However, once it came out to rent on VHS in 1995 it became on the most rented films of the year. In 1997, the film also began running regularly on TV. When it did, The Shawshank Redemption received record-breaking viewing figures.

That led to the cultural phenomenon it’s become.

On IMDb’s Top 250 Movies, The Shawshank Redemption is ranked #1. And it’s been at the top of the list for a long time.

We think people find a lot of hope in the film. That’s its core message—not to give up, no matter how dire the circumstances. Having a quiet dignity to proceedings is a noble pursuit.

It provides a reason to keep going, which is a very great thing.

When we first watched the film in 1999, we remember noting with surprise it was only five years old. It seemed like it should be an older film. Well, here we are approaching its upcoming 30th anniversary.

Looking at The Shawshank Redemption with modern eyes, the artistic integrity of the film is excellent. All the memorable scenes, such as the introduction to the prison with Thomas Newman’s sweeping score.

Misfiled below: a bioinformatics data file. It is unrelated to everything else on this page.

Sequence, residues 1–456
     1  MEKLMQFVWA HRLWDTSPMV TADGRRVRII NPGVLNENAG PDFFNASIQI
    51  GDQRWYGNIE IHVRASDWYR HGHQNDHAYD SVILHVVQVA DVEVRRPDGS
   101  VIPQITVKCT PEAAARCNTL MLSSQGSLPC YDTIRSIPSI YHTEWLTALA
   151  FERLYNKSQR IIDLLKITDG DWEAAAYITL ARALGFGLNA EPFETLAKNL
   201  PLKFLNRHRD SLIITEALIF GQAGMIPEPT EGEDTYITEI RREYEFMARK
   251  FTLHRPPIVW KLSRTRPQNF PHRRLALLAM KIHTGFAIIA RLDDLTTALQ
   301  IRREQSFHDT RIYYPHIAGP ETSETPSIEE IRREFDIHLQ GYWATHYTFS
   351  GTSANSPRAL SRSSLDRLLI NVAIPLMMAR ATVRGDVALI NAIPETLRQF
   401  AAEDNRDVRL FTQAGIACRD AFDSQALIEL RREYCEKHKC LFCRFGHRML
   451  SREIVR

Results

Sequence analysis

The steady development of the plot. Dufresne and Red’s friendship.

And that escape scene is brilliant. We still can’t watch Dufresne crawling through a sewage pipe without wincing on that one.

From our perspective, the film is superior to the novella.

That’s not to diminish King’s brilliance as a novelist, but Darabont and King adapted the work into something timeless. In 100 years, this film will be above the level of Dumas and essentially replace The Counte of Monte Cristo as the quintessential prison escape book. Frankly, it already has.

But it’s interesting to note the differences between the book and film. There are quite a few changes from the novella.

A fair few things were ramped up for dramatic intensity in the film. The fate of Tommy and warden Norton. Plus, psycho bully guard Byron Hadley’s role is tiny in the novella.

One of the most notable differences is Ellis Boyd ‘Red’ Redding. Freeman’s character—in the book, he’s a redheaded Irish bloke.

With the film’s fame, a lot of people will probably be surprised to know it’s a Stephen King novella. And from back in 1982. But both are worth checking out—big time. A fine read. And a great watch.

Dispense with some gibberish!